The show is open for viewing through Nov. 21, following COVID protocols: up to 10 people in the gallery at a time, social distancing, masks required. Gallery viewing hours are Mondays through Fridays, 9 a.m.-5 p.m., and Saturdays from noon to 4 p.m. If you go, take some time for the mural on the outside of Highpoint’s building. It’s by local artist Peyton Scott Russell. You can also view the complete “Stand Up Prints” show online.
V Now on TPT Passport: “Classic Albums.” What’s the story behind John Lennon’s “Plastic Ono Band”? Cream’s “Disraeli Gears”? Fleetwood Mac’s “Rumours”? Episodes drawn from the long-running British documentary series explore the writing, recording, sounds, style and origins of 16 classic albums. As one reviewer wrote, “You think aging rockers talking about old albums would be boring? Think again.” Free to TPT members at the $60 and above annual level, which is less pricey than most streaming services, plus you’re supporting public television.
Thursday (Oct. 29) on the Metropolitan Opera’s website: “Nixon in China.” The Met closed to COVID on March 12. Every night since March 16, it has made an opera from its extensive archives available for free streaming. The selection changes nightly. John Adams’ “Nixon in China” had its Met premiere in the 2010-11 season. Kathleen Kim, Janis Kelly, Robert Brubaker, Russell Braun, James Maddalena and Richard Paul Fink star in a performance directed by the composer. 6:30 p.m. CST. The stream will be available for 23 hours.
V Thursday (Oct. 29) online: Schubert Club: Lux String Quartet Virtual Courtroom Concert. Recorded in November 2019 in Landmark Center Courtroom 217, the Twin Cities-based ensemble plays a program that includes Debussy’s String Quartet in G minor. Noon. Free.
V Thursday (Oct. 29) and Sunday (Nov. 1) on Zoom: Pillsbury House Theatre Presents “Fannie Lou Hamer: Speak On It!” A staged reading of Cheryl L. West’s play meant to inspire hope and action. Hamer, a famed civil and voting rights activist, is played by the always magnificent Regina Marie Williams. Readings will be followed by discussions with Pillsbury House Artistic Director Faye Price. 7 p.m. both nights. FMI and tickets (pick-your-price with $5 minimum).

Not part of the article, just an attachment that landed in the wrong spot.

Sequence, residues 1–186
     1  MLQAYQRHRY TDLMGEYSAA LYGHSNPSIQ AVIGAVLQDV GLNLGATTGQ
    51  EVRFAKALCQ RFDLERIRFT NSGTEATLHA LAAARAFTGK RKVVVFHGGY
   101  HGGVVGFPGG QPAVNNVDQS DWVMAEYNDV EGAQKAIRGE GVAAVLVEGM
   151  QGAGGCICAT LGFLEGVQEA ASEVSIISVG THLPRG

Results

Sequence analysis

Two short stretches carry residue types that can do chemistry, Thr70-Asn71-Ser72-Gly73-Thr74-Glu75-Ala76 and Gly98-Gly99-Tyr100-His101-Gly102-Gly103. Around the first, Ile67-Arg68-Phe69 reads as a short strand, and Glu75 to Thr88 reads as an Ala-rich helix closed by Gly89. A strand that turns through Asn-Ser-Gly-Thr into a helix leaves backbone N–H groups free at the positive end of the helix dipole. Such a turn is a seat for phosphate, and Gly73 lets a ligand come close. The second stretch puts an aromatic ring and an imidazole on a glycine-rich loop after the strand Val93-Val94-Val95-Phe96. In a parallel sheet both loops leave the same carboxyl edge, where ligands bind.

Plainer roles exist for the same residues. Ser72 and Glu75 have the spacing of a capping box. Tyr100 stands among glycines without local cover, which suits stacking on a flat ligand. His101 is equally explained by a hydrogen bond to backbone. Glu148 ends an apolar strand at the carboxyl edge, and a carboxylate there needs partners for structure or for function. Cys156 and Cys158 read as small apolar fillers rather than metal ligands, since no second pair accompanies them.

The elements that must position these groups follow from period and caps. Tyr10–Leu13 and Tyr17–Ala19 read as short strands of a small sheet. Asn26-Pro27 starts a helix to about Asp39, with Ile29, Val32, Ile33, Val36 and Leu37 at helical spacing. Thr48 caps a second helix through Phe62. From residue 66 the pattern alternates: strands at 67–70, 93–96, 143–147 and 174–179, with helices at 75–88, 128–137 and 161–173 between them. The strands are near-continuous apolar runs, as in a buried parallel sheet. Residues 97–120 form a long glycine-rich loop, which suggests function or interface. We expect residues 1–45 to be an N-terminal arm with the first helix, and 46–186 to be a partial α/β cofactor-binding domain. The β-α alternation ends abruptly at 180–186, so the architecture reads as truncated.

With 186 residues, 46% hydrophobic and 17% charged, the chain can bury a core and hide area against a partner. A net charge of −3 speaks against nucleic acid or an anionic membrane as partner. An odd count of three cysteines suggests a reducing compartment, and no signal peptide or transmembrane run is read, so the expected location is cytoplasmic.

V Saturday and Sunday (Oct. 31 and Nov. 1) on the SPCO’s website: The St. Paul Chamber Orchestra: “Postcards Across the Atlantic.” Third in the SPCO’s Fall 2020 series of performances livestreamed from the Ordway Concert Hall stage. The music will include Errollyn Wallen’s “Five Postcards for Violin and Viola,” Sir William Walton’s String Quartet in A Minor, Arthur Bliss’ Oboe Quintet and the world premiere of a new composition by Ambrose Akinmusire performed by principal bass Zachary Cohen. Live performance at 8 p.m. Saturday, rebroadcast at 2 p.m. Sunday afternoon. Free in the concert library.
Saturday, Nov. 21 on Zoom: Hennepin History Museum: Introduction to Crop Art. Minnesotans are crazy about crop art. Each year at the State Fair, we line up to study, admire, and photograph images made of seeds and beans and lentils. This year’s fair was canceled, but the crop art competition continued in a virtual version. Have you always dreamed of creating your own crop art? Maybe entering the State Fair competition and bringing home a ribbon? Liz Schreiber has entered for 16 years, won many ribbons and taught multiple classes and workshops. Learn from a master. FMI and link to tickets ($43-50). The cost includes a materials packet that will be mailed to you ahead of time.